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Top scholars share courses online
2011/11/11

 China now has its version of Harvard open courses.

Twenty courses provided by 18 top Chinese universities went online on Wednesday, China's latest attempt to disseminate teaching resources within the nation and promote Chinese culture globally.

These courses feature 20 subjects or lectures given by speakers and professors from several universities, including Zhejiang University, Nankai University and Wuhan University. Most of the courses will focus on traditional Chinese culture, according to the Ministry of Education.

They are available through the websites of NetEase and China Network Television, as well as icourse.edu.cn, for free.

The ministry called the introduction of open courses, enabling university students across the country to have access to lectures given by top scholars, a "breakthrough".

It promotes the idea of open education by using the Internet, the ministry said.

"These online courses are designed for university students, but they can also be shared by the public for free," said Liu Ju, vice-director of the department of higher education under the ministry.

The ministry said that up to 1,000 online open courses will be offered by the end of 2015, and 100 will be available by the end of the year.

Some of the courses will be translated into English and promoted across the rest of the world, according to NetEase Company, a member of Open Courseware Consortium, an international body promoting open content among the world's universities.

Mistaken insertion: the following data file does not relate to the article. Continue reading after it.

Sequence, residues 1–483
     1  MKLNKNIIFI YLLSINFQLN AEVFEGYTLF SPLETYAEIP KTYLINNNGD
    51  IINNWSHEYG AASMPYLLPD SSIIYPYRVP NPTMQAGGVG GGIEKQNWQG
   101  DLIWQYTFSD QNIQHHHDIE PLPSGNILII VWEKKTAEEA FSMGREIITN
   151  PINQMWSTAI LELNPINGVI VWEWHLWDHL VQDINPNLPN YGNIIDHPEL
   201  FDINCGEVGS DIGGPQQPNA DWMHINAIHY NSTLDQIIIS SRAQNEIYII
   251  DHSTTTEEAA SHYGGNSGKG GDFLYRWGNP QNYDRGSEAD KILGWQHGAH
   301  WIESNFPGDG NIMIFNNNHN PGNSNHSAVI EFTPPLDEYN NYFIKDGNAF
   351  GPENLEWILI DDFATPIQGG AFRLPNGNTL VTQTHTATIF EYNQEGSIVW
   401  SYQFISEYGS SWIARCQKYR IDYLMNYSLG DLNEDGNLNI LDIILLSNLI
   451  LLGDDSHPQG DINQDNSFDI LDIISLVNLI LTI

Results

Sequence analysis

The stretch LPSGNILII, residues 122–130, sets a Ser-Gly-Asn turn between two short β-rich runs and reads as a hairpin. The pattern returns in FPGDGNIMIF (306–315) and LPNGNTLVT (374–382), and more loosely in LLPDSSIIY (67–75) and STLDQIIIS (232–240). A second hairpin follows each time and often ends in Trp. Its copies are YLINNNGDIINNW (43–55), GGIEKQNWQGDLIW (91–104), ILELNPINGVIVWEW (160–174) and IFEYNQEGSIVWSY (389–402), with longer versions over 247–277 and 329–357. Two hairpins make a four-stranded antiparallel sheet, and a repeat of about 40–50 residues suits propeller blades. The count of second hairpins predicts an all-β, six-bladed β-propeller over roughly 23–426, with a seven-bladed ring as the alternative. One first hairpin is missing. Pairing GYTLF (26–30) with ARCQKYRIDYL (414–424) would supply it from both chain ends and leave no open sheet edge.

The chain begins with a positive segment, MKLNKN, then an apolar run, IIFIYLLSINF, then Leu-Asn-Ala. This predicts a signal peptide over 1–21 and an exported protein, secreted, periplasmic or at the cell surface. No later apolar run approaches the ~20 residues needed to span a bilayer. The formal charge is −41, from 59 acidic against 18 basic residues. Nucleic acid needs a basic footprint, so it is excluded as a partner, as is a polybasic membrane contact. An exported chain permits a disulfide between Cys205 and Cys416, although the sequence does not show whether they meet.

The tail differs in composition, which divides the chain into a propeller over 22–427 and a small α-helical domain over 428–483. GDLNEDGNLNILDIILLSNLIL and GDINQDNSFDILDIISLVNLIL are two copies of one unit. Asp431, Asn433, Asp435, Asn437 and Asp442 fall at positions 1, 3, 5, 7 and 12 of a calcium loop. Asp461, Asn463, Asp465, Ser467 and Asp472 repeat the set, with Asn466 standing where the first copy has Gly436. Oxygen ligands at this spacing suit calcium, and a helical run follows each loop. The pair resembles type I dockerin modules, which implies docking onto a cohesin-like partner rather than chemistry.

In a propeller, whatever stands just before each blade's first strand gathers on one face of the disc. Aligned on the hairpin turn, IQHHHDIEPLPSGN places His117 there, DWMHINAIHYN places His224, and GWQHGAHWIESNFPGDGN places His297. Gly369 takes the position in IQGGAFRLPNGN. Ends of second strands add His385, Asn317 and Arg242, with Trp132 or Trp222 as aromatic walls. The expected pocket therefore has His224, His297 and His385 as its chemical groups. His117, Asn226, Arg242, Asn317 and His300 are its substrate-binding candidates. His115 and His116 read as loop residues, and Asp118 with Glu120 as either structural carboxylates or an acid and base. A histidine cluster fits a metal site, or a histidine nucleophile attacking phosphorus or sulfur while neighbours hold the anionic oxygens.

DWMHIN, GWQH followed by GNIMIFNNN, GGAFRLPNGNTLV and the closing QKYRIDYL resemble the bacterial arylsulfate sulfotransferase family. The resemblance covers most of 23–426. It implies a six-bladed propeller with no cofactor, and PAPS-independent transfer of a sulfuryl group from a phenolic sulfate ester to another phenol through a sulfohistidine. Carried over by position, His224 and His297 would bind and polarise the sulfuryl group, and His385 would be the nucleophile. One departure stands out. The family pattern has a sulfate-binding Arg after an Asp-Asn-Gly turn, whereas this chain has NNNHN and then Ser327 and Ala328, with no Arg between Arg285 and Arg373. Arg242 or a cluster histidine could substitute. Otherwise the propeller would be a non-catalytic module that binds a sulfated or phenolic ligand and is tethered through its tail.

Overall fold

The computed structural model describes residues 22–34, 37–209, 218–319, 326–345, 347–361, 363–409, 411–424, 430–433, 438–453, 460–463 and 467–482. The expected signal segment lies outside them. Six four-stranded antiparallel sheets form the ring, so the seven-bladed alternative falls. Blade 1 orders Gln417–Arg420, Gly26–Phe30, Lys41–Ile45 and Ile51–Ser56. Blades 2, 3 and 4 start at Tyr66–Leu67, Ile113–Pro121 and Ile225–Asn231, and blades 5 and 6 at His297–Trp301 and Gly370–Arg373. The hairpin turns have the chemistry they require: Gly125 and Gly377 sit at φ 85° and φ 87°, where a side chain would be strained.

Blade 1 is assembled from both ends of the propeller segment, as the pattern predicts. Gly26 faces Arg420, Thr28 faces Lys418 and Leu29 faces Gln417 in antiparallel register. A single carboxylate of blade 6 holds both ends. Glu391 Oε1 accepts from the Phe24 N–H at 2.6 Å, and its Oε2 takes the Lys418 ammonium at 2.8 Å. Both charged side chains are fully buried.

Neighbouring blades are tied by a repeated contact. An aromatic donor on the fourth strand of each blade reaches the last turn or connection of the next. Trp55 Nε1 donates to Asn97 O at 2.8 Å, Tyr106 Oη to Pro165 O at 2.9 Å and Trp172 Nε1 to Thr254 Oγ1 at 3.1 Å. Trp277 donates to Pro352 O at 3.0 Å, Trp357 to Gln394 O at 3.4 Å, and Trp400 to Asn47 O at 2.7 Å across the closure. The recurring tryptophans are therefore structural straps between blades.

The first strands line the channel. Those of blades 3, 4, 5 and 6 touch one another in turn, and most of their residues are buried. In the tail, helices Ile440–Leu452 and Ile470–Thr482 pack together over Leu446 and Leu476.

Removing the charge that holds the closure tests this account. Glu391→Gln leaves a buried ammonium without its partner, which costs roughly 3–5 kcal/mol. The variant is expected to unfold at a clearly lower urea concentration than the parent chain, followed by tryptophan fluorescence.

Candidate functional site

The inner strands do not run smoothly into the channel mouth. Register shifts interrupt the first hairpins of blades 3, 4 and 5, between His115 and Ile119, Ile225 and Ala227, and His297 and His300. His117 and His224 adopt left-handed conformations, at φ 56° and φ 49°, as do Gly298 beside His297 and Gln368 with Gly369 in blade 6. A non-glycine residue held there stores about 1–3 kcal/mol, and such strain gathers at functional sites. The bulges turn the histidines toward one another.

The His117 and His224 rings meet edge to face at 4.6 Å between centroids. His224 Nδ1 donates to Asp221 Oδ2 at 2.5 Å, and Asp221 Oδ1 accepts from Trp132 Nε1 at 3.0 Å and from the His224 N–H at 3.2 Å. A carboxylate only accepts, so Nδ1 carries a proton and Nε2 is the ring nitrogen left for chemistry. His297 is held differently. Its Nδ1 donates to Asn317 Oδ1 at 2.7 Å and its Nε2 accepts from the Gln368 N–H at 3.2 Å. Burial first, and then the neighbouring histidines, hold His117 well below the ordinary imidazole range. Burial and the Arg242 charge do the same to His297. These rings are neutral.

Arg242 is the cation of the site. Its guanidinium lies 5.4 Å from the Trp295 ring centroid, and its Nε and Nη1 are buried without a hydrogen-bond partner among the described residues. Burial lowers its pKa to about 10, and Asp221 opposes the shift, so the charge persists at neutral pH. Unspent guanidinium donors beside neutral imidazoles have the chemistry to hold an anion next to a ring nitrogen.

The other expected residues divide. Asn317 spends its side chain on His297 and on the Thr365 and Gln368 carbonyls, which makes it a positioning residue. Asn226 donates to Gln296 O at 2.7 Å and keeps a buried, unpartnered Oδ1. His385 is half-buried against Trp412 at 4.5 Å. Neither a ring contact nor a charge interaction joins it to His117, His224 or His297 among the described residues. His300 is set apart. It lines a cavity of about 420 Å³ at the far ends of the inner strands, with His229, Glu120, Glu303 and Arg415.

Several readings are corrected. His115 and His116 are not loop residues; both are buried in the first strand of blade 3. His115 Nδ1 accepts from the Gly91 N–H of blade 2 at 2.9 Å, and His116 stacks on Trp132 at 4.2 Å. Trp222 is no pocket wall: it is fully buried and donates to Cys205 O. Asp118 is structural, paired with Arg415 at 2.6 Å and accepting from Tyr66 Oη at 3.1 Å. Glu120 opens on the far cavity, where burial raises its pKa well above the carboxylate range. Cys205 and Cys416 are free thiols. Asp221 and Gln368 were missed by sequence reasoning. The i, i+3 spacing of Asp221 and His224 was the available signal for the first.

The company has set up a translation team and "will kick off the translation work when we finish the negotiation on intellectual rights with universities", Zhu Xirui, a senior manger for NetEase Company, said on Wednesday in Beijing.

"We want to promote Chinese culture to overseas netizens through the program," he said.

Ding Xiuhong, another manager of NetEase Company, said they had invested more than 15 million yuan ($2.37 million) in the program.

"Although we haven't made a profit from the program, it will at least help increase our website's page views," Ding said.

Shang Junjie, dean of the educational technology department of the school of education under Peking University, said Chinese open courses, if properly translated, could compete with their foreign counterparts to attract viewers.

"I'd like to watch the Chinese elite classes, such as Chinese literature and poetry, as well as economy," said Jeremy Scaramuzzi, a teacher at Tsinghua International School.

He said he was also interested in Chinese classes on political science since that is the subject he majored in in the United States

He is eager to find out how Chinese academics study different governments and relate it to his own American perspective.

 

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